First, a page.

XXX "Thelma and Louise," with Susan Sarandon, Geena Davis, Harvey Keitel, Michael Madsen, Christopher McDonald. Directed by Ridley Scott, from a script by Callie Khouri. Guild 45th, Factoria, Everett, Renton Village, SeaTac North, Valley Drive-In. "R" - Restricted due to nudity, violence, strong language. ------------------------------------------------------------ Louise (Susan Sarandon) is a cafe waitress whose guitarist boyfriend Jimmy (Michael Madsen) can't give her the commitment she wants.
Thelma (Geena Davis) is a housewife whose husband Darryl (Christopher McDonald) "kind of prides himself on being infantile," as she puts it. He hardly knows his wife exists. He certainly doesn't take her seriously.
No wonder these two women are looking forward to their weekend getaway. They can't get along with their men. The question is: Can they get along with each other?
Louise has her first doubts when Thelma piles into the car with a ton of luggage and a gun (for "psycho killers, bears, snakes," Thelma explains). Thelma has her doubts when it looks as if Louise is going to throw a damper on the weekend's fun.
The fun soon turns nasty - and the gun, of course, winds up being used on unforeseen species of wildlife.
Within 15 minutes, "Thelma and Louise" becomes a rollicking, female-buddy road movie.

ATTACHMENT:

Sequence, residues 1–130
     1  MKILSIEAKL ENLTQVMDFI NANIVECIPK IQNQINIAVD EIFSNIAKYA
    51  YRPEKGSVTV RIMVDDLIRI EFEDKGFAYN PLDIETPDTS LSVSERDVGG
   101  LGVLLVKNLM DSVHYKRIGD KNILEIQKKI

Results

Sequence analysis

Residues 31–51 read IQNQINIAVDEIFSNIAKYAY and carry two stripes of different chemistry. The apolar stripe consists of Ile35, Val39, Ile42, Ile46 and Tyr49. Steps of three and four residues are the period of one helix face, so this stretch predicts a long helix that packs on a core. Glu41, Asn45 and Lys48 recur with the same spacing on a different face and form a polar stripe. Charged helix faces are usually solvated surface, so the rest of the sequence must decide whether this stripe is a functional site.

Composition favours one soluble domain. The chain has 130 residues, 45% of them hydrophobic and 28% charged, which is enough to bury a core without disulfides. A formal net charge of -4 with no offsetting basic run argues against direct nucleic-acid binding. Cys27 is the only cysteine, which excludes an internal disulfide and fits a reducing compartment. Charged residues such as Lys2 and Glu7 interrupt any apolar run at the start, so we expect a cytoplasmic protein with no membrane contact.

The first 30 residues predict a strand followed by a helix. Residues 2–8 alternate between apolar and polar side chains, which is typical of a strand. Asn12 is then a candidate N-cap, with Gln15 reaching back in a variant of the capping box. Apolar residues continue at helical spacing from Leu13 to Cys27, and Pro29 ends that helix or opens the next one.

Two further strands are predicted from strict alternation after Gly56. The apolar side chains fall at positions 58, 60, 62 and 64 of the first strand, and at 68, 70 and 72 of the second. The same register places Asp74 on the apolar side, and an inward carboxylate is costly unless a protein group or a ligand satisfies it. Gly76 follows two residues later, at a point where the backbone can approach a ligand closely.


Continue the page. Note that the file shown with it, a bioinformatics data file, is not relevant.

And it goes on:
It's a gorgeous, harebrained film - alternately numbing and exhilarating - with two terrific performances from Sarandon and
Davis at its core, and some tasty support from McDonald and Madsen. Adding to the fun are Harvey Keitel, as a police investigator who takes a solicitous interest in the two women when they run afoul of the law, and Brad Pitt, as a hitchhiker who believes that armed robbery, done properly, doesn't have to be "a totally unpleasant experience."
Sarandon and Davis play splendidly off each other, with Davis transforming herself from cowering housewife to sassy outlaw with hilarious ease, and Sarandon - savoring her role as a wry cynic from way back - getting more and more jittery as she tries to keep her head in increasingly dire situations. Feisty confrontations with an ogling trucker and a suspicious state trooper keep things moving.
Where director Ridley Scott ("Blade Runner," "Alien") goes overboard is in introducing some "Alien"-size hardware into this personable comedy-drama. Sinister crop dusters, menacing oil wells, hurtling railroad trains - all are photographed (and recorded: this is a loud movie) to expressionistic excess. Even the rain is hyperactive - and why is it always sunny when there's a downpour?
A relentless country-rock soundtrack gets oppressive, too (although hilarious use is made of Tammy Wynette's "I Don't Want To Play House"). And some gratuitous pyrotechnics toward the end seem to have been included for sheer spectacle rather than for what they add to the movie.
Still, there are plenty of great one-liners in Callie Khouri's script, and cinematographer Adrian Biddle never fails to give viewers an eye full - even when it's a ridiculous eye full.
"I always wanted to travel," Thelma recalls toward the end of the picture. "I just never got the opportunity."